Category Archives: Querying/Submitting

New Year’s Start on Queries, Editing

The holidays are finally at an end! Between Thanksgiving, preparations for Christmas, Christmas itself, and New Year’s, I’ve been off my regular schedule (writing and otherwise) for about two months straight. But now I’m back! And instead of making New Year’s Resolutions to foster new and better habits, I’m focusing on the habits I need to get back into. Here’s my list of things to do.

I’ll be back and blogging at SM Blooding and Crew on the second and fourth Tuesdays of every month (that’s beginning this coming Tuesday, everyone).

I’ll send out more queries of FLYNN. The first round (of course) did not produce results. Honestly, I would’ve been surprised if it did. But armed with my subscription to Guide to Literary Agents,I ought to find someone who wants to see the full manuscript.

After NaNoWriMo this year, I have a good start on the rought draft for FLYNN II. It’s official title is under construction. I’ll be doing more work on that in the following months.

Now on to my new ventures.

I’m entering the first 500 words of FLYNN into a contest at Kidlit.com, a very helpful blog written by an associate agent at Andrea Brown Literary Agency.

My friend Kristine Pratt (who I met at a writer’s conference back in ’08) recently started up her own publishing company, Written World Communications. She asked me to be a (volunteer) assistant to one of her editors! It’s quite an exciting venture. I review proposals, manuscripts, and also short stories for the magazine. We just sent a round of submissions to Pub Board, so before too long, I’ll begin the editing process with the chosen candidates! Not to mention that I may get to help with layout of the magazine, a field which I feel I could easily excel at but have never had the opportunity to become familiar with.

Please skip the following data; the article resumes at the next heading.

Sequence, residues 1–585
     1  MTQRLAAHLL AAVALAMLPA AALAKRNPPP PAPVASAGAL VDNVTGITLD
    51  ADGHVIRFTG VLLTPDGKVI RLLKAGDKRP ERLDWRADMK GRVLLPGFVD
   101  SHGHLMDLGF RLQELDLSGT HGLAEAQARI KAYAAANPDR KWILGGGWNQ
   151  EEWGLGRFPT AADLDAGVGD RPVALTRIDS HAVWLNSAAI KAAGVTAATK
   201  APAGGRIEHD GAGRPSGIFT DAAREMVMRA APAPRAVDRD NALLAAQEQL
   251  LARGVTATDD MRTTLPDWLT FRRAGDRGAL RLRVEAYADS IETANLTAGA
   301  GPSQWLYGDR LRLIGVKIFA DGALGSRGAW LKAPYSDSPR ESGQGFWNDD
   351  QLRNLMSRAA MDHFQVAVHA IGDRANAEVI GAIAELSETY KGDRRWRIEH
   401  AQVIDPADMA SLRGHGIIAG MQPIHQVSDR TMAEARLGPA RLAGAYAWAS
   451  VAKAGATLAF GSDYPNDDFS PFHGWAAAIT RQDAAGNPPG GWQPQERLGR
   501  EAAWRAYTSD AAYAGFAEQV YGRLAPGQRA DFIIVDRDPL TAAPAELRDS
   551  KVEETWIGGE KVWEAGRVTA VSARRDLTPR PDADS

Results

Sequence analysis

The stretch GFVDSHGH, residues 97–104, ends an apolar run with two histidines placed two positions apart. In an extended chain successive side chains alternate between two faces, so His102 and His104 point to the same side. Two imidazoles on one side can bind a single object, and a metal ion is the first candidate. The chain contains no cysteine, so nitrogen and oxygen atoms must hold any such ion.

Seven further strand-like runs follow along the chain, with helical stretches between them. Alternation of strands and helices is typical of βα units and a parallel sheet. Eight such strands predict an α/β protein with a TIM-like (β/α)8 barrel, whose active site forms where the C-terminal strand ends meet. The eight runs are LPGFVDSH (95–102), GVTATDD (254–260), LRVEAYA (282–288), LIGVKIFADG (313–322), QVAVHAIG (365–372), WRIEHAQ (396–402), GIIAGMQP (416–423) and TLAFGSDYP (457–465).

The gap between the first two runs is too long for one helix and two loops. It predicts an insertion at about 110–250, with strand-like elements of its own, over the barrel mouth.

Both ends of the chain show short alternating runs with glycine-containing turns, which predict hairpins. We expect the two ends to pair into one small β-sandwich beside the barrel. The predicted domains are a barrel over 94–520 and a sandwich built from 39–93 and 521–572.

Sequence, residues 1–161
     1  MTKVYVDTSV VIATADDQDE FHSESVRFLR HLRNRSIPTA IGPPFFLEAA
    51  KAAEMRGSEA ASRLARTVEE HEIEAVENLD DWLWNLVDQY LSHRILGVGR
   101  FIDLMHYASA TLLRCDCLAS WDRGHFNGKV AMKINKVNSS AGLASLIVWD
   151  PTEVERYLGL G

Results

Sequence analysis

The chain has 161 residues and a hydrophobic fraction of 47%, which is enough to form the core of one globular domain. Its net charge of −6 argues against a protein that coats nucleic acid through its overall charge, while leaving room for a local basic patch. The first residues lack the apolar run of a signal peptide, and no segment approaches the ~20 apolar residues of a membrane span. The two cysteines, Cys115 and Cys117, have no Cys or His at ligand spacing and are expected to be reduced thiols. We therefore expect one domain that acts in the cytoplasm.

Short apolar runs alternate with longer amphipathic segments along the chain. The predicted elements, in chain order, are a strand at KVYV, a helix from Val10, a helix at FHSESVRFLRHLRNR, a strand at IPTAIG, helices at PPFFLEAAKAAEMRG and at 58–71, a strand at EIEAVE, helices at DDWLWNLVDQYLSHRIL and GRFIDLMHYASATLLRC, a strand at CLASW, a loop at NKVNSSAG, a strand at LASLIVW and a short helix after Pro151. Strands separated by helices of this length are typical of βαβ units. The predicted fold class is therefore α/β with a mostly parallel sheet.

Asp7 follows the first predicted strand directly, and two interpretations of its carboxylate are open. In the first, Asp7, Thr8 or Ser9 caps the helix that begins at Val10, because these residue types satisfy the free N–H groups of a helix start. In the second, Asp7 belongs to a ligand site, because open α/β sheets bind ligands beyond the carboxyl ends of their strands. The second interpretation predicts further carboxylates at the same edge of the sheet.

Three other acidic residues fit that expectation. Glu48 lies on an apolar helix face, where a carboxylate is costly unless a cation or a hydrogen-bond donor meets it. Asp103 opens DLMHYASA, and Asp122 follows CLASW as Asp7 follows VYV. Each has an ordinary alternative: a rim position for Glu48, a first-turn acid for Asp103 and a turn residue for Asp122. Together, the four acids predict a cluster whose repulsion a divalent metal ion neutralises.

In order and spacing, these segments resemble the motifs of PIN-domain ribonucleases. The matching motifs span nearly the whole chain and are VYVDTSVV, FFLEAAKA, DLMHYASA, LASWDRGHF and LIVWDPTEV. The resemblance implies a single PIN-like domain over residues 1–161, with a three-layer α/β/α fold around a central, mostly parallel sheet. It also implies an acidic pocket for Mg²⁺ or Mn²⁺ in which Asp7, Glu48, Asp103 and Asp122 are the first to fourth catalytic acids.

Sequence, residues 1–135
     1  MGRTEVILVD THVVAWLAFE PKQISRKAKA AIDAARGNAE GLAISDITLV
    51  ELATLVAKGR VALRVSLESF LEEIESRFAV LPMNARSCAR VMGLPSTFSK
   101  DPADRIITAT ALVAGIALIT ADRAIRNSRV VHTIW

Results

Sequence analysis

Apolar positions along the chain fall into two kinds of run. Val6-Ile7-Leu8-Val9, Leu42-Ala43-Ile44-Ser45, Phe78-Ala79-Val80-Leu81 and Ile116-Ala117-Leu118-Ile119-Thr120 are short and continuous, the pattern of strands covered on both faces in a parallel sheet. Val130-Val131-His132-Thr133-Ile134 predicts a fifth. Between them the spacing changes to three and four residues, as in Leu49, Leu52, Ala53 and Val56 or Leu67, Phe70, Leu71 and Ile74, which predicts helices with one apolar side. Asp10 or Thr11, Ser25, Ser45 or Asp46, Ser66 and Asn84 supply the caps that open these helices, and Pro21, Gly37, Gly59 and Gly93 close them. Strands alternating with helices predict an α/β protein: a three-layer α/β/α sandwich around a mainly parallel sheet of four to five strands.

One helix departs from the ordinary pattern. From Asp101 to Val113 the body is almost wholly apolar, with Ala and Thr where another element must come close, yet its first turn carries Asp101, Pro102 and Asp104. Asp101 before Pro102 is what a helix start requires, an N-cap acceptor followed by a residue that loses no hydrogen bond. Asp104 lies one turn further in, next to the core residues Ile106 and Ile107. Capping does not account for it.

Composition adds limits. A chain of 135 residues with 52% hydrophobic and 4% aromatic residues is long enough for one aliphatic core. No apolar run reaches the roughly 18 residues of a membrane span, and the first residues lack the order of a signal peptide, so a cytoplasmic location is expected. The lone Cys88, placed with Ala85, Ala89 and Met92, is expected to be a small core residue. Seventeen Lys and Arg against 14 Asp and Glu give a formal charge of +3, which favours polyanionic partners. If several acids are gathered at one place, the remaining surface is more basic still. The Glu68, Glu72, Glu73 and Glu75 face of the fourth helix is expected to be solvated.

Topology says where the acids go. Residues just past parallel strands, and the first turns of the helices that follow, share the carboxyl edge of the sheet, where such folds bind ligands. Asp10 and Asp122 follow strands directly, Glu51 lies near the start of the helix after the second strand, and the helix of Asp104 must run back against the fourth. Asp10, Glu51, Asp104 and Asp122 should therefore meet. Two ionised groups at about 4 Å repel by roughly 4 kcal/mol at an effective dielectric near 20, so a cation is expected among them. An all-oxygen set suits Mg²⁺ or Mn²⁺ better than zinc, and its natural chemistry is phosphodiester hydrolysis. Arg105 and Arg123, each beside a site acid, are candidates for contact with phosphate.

Oh yes, and I may also be getting a part-time-job. As in, one that will give me a paycheck. FLYNN and my graphic novel are already full time jobs in and of themselves, but, well….they won’t pay for a second car, now will they?

Stay tuned to this blog throughout the coming year. I’m excited about the prospects of 2010, and I hope you are too.

RHDavis

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A Painless Rejection Letter–Does Such A Thing Exist?

Yes, you heard it here first, folks. I got a rejection letter (er, e-mail) that actually wasn’t painful. Here’s why.

One year ago this summer, I sent a proposal of my then-unfinished novel FLYNN to a publishing house. I had connections through a writer’s conference, and expected to hear back promptly.

Nothing happened for months. Over time, I came to assume that they didn’t want the thing, so I counted it a loss and went about finishing and revising the novel. Over time, I came to see that FLYNN actually needed a lot more work and time to be the best it could be.

A couple of days ago, I got an e-mail from that publisher. A year later! They apologized profusely for not getting back to me sooner. Apparently the proposal was changing hands from one editor to another and somehow got lost. It was unearthed a few days ago, at which point they sent me the e-mail.

In the time between last year and this year, they closed their doors on new YA fantasy. So FLYNN was officially rejected because of an accident and a change in policy, not because they didn’t like it. That has got to be the most painless rejection of all time. Not to mention the most fortuitous–if I’d had to rush finishing and editing it, it wouldn’t be nearly as good as it is today. Thank you, happy accidents!